Additionally, there may be an opportunity for well-being, especially when CBD is combined with hemp-derived THC, which can be sold when the concentration is at or below 0.03% dry weight/volume. This movement has manifested itself through microdosable formats, such as Cann’s THC-infused drinks or Sweedies’ Mood Ring gummy packs. Both brands use low levels of THC and CBD to get a slight buzz during a cultural moment where many people are looking for alcohol substitutes.

Products Cann.

Products Cann.


Plus, brands like Sweedies, founded by industry veterans Olivia Sheehan and Rachel Richman, really go for a beauty-focused strategy.

“Our product feels to me like a direct delivery of a promise of beauty,” Sheehan said. “It’s an open way that you can wake up warmer. You can reduce alcohol consumption or completely replace alcohol consumption. You can improve your sleep. These are open ways that can be part of the beauty routine.”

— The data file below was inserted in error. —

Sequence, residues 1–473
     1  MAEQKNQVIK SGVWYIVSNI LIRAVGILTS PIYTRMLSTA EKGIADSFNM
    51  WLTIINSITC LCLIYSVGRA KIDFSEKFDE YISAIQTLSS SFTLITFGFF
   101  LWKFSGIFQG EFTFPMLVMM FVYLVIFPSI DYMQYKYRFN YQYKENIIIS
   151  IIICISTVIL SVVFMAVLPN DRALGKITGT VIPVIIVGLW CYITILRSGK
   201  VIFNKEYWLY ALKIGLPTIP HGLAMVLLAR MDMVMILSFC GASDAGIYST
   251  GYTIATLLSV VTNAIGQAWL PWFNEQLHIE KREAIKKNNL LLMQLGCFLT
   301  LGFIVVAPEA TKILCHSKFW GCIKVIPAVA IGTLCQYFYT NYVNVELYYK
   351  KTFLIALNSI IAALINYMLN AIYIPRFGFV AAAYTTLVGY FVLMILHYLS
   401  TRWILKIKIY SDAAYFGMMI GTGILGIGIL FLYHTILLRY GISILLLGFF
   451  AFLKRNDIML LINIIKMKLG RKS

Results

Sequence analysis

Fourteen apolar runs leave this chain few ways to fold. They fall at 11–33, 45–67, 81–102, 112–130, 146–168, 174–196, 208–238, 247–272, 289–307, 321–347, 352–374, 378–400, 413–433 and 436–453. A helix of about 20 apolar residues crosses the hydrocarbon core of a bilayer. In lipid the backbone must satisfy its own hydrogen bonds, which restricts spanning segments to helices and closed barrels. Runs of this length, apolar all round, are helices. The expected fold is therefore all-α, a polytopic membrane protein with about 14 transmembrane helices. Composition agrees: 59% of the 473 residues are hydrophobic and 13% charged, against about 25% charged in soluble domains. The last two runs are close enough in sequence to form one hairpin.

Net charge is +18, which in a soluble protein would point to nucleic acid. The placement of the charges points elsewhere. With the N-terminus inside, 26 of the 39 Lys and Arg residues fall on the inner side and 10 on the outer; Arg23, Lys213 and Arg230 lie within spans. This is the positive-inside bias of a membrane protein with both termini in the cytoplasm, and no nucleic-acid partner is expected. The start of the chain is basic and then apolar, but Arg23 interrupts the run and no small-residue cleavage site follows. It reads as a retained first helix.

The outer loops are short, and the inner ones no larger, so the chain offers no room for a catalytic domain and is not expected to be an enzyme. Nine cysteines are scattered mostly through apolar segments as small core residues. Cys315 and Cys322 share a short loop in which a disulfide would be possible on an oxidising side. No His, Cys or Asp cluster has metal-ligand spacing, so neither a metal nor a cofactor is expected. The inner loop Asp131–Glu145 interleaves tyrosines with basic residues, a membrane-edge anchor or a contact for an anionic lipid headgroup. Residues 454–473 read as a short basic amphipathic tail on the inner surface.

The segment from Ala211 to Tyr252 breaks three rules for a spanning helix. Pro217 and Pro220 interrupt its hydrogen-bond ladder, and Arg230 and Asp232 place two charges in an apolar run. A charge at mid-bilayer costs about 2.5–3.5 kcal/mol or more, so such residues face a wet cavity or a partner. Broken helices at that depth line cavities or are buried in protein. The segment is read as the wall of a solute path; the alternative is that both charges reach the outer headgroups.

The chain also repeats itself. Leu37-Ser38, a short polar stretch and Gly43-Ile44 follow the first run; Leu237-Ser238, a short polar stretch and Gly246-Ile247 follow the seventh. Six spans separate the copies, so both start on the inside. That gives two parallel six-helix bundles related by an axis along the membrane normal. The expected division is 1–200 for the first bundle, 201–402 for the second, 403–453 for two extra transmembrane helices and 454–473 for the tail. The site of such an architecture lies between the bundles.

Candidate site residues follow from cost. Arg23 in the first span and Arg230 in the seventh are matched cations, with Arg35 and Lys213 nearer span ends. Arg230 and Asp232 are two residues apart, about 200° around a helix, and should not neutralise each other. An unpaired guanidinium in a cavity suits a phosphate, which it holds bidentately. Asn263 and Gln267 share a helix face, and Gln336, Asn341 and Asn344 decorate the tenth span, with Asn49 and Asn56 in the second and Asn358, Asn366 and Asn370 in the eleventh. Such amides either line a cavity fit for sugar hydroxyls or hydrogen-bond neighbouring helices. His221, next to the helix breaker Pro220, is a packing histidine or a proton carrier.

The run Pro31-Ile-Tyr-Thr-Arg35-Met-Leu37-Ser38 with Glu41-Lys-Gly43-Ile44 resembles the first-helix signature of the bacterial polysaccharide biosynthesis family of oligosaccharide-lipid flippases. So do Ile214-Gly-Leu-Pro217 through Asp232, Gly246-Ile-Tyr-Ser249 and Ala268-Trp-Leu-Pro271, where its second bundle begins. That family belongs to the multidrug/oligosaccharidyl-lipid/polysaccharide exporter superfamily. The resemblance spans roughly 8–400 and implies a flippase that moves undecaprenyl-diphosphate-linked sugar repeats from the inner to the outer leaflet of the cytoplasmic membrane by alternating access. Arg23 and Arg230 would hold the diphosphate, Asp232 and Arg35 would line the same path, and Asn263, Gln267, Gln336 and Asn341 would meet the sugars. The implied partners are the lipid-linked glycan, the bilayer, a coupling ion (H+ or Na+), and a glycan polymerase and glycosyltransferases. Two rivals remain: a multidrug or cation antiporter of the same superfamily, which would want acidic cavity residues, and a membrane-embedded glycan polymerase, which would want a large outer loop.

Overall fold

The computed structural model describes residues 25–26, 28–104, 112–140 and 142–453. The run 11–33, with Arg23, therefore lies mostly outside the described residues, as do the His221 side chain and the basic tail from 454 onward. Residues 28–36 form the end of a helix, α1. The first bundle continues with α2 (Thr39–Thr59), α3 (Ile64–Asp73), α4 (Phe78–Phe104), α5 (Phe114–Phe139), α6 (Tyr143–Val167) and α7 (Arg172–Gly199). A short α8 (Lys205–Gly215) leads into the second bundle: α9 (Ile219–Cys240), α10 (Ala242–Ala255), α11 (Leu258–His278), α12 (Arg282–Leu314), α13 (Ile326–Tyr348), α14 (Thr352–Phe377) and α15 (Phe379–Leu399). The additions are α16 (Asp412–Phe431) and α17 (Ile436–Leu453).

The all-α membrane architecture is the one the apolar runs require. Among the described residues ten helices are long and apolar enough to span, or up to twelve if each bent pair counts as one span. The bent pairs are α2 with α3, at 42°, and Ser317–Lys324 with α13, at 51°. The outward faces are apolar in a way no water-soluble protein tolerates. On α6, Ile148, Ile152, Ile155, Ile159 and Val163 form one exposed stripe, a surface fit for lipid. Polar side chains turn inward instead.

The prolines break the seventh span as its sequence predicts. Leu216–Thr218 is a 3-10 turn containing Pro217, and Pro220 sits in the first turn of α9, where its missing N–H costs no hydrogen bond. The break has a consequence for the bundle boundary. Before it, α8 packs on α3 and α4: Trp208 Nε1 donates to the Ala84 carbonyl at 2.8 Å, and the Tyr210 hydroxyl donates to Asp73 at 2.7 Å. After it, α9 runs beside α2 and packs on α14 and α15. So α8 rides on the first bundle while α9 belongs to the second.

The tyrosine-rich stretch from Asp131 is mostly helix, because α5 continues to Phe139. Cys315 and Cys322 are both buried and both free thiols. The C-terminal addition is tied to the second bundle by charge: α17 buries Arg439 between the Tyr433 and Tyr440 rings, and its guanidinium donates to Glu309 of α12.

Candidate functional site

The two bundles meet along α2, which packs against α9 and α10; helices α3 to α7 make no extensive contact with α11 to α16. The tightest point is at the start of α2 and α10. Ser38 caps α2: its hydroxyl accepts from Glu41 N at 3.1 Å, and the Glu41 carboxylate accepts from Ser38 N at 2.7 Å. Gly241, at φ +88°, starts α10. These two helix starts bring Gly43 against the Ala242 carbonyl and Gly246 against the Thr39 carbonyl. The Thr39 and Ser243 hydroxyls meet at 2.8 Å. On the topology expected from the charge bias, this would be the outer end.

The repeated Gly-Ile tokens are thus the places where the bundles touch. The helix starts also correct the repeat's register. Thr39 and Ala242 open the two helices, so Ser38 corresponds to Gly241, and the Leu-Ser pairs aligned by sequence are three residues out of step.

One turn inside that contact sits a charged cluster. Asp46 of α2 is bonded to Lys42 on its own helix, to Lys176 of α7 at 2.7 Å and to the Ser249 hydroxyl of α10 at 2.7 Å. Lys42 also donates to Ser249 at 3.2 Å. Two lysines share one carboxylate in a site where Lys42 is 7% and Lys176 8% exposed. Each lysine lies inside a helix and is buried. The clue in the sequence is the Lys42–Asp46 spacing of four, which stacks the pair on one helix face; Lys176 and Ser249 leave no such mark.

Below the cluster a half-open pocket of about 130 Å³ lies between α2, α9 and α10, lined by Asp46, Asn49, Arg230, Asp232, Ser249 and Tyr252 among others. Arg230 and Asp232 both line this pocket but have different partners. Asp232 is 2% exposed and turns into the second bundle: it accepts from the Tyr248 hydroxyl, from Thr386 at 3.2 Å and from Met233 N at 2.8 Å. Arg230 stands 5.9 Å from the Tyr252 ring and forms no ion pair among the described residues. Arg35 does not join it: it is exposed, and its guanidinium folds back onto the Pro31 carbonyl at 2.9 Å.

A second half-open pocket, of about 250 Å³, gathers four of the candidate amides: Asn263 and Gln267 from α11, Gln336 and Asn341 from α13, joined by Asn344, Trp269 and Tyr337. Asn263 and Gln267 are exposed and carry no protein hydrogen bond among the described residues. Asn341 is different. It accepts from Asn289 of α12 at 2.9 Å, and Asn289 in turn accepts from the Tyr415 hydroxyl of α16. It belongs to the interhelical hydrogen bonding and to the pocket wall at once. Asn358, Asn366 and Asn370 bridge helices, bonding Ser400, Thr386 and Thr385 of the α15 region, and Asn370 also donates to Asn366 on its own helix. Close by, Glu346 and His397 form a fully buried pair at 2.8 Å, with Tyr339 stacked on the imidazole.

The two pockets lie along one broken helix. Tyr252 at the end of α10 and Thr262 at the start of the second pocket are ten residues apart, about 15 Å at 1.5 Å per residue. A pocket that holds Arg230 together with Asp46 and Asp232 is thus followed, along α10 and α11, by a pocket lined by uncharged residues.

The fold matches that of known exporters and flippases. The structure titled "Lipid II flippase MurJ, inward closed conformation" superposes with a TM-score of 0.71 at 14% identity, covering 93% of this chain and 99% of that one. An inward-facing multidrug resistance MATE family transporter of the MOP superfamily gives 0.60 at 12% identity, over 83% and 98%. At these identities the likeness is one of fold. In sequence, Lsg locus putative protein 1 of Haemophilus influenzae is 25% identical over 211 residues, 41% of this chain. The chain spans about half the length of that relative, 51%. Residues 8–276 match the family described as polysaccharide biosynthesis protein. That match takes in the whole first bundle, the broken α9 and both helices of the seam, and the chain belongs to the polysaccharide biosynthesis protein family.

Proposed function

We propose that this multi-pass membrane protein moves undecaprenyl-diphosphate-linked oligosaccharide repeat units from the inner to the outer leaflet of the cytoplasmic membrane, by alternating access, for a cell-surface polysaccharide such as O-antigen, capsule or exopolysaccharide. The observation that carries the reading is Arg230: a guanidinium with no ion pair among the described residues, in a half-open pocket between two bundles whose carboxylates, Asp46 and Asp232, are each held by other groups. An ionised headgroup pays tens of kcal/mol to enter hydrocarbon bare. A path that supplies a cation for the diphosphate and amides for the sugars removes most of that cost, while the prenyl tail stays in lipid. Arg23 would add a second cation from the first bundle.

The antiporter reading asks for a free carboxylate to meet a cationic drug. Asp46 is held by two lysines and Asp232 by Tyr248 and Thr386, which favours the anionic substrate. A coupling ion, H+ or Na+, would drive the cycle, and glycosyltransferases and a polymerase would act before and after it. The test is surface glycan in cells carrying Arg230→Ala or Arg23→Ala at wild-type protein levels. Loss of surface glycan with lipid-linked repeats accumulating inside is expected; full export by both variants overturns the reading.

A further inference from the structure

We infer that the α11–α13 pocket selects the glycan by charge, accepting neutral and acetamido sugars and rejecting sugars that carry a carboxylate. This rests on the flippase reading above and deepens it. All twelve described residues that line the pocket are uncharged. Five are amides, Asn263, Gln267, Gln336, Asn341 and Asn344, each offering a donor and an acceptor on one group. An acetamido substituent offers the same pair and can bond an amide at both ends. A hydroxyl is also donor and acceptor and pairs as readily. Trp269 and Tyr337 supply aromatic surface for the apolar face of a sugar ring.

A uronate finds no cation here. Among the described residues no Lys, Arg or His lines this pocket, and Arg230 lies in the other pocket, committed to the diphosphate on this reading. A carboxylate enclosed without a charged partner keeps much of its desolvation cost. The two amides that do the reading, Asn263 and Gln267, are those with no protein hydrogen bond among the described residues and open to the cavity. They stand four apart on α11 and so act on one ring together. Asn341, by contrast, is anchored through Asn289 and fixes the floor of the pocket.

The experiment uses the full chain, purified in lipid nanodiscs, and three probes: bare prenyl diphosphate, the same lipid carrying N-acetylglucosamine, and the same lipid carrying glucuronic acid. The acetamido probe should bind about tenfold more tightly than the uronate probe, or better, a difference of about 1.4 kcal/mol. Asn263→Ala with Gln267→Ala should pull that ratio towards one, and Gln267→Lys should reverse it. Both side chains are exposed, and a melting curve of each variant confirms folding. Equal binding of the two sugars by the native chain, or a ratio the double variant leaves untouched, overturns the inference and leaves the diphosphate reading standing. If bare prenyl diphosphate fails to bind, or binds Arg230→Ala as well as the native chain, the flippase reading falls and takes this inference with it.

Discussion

Swedish Mood Rings

Swedish Mood Rings


Although CBD has certainly faced challenges, experts agree that the ingredient is powerful and still has potential in beauty and wellness, albeit in different forms: spas, unique products or alcohol replacement brands focused on THC. Also, clinical evidence over anecdotal could help bring the category back. “It’s definitely not over,” Georgeson said.